We told the attorney but during the trial he told the judge that we want 5 years and we thought once that is granted what we stated on the application for restraining order will be granted. It was after that the attorney reported that only 5 years was granted and nothing else by the judge. Could we... Read more »
I have had minimal contact with my step mother since my father passed away. She won’t text much or talk on the phone very long, now won’t answer at all. Got a copy of his death certificate and found out he died in California and recently bought a house before he passed. No one in the family... Read more »
It’s not necessary as long as you keep making the mortgage payments, but if you want to know the outstanding balance or want your monthly statements to be sent to another address, then yes, let the lender know of your parents death. Now, if you’re dealing with a reverse mortgage, the lender...Read more »
Yes. If you fail to pay the mortgage, you will lose the home to foreclosure. Death of a borrower does not trigger a due on sale clause. If you make the mortgage payments, keep track of them all and claim reimbursement from the estate when you can. Without a Will, the children will inherit the...Read more »
Your siblings have no legal authority to evict you from your mother's house. Only a personal representative for your mom's estate would have the authority to do so, and to become a personal representative requires a probate. Until that time, you have every legal right to remain in the house. If...Read more »
my dad lived in my grandmother's house when he passed my aunt changed the locks and told me that she has power of attorney over my grandma and I need to stay out of the house how do I get his belongings back
To do this right, you need to hire a probate attorney to open a probate of your dad's estate and ask that the court appoint you as the executor. Then, as executor, you will have the power of the probate court to back you up as you demand access to gather up your dad's things and distribute them...Read more »
If your mom did not leave behind an estate plan; specifically a living trust, the estate will go through probate, assuming it carries an overall value in excess of $150,000. Whether probate is necessary however, does not change your rights. Without an estate plan, the estate passes via intestate...Read more »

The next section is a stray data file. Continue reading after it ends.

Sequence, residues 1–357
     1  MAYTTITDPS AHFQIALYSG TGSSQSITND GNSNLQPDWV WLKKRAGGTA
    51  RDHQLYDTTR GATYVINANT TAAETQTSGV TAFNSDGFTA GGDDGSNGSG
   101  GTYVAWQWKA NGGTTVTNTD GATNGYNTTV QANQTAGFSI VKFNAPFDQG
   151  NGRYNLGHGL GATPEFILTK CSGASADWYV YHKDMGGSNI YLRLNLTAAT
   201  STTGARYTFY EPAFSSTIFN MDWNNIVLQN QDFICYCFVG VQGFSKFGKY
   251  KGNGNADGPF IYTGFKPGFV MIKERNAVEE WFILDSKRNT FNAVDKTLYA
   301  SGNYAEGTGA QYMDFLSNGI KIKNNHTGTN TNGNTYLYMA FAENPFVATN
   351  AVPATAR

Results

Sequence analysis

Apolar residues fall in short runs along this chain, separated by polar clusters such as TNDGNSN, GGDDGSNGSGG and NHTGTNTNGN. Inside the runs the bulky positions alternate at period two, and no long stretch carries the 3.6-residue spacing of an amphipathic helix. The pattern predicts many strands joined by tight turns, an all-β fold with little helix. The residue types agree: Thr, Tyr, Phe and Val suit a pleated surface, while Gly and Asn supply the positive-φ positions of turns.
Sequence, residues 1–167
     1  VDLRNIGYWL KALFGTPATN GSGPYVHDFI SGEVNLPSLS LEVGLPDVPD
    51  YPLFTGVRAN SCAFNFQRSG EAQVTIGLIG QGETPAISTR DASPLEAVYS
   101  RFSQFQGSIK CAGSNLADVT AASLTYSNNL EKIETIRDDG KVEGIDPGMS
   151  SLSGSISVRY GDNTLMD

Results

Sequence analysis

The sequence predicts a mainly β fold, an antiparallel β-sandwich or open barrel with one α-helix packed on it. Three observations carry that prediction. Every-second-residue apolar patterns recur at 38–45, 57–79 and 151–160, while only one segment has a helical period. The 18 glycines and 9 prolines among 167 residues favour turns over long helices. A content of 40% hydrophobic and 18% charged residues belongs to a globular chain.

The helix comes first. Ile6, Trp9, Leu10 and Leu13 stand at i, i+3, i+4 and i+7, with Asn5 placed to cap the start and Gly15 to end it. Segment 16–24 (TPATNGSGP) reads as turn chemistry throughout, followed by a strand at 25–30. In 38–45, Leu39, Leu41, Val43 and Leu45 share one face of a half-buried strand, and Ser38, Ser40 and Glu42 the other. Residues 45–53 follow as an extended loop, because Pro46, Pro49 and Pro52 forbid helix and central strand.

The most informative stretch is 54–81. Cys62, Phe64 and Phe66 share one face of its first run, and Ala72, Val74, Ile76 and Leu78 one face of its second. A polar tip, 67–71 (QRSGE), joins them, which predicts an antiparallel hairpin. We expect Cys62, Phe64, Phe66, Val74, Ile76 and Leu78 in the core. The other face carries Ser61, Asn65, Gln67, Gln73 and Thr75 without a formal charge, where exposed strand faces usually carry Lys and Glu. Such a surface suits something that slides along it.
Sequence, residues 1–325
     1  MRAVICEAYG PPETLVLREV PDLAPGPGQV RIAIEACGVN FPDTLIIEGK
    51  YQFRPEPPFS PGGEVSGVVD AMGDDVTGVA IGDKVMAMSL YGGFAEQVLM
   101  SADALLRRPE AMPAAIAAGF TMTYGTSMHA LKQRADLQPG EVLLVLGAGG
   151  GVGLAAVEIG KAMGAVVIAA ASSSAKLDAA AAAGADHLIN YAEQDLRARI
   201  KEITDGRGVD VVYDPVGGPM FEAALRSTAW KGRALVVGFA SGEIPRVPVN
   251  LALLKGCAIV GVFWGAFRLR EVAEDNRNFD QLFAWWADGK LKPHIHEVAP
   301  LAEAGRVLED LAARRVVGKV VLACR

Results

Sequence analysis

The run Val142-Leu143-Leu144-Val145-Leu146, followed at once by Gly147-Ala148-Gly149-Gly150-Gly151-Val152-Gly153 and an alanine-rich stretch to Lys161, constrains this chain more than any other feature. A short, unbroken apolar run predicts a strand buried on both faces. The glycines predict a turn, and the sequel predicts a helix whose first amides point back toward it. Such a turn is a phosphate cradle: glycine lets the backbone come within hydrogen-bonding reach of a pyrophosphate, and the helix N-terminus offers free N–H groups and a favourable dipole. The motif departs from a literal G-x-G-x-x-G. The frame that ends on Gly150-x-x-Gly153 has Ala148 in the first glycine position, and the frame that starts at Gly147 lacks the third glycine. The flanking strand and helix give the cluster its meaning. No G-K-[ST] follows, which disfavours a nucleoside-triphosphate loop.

Now my father in law passed away then my son is still minor, the insurance ask us court appointed guardian to get my son’s claim. We went to court and they did not help for guardianship estate, we cannot afford to get a lawyer. We dont know what to do to get certificate from the court stating... Read more »
The insurance company is asking for letters of guardianship which can only be granted to a guardian by a probate court. Merely being the parent of a minor is insufficient authority to claim insurance money belonging to a minor.
A court cannot give legal advice, nor can a legal document...Read more »
You are looking for a trust administration attorney. Even better would be an attorney that also handle trust litigation. The attorney can review the trust and advise you as to what needs to be done to replace the MIA trustee.
Only parent dies with trust. Multiple properties have to be sold. Beneficiaries are 3 brothers and one sister. Sister dies unexpectedly a month after parent dies. Now we have to go through probate as sister left no trust or will. Her share of parent's trust will have to go through probate.... Read more »
More than likely a probate will need to be opened for sister's estate before you're allowed to close parent's estate. Once an executor is appointed to sister's estate, perhaps a deal can be struck among the beneficiaries of sister's estate allowing for an in-kind distribution of estate assets to...Read more »
Mom died, properties need to be sold to distribute to beneficiaries. I am a beneficiary due to inherit about $500,000. I have cancer. How can I make my own trust for people I want to be my beneficiary, when I don't yet have the amount I am due to receive from my moms trust? It will take a long... Read more »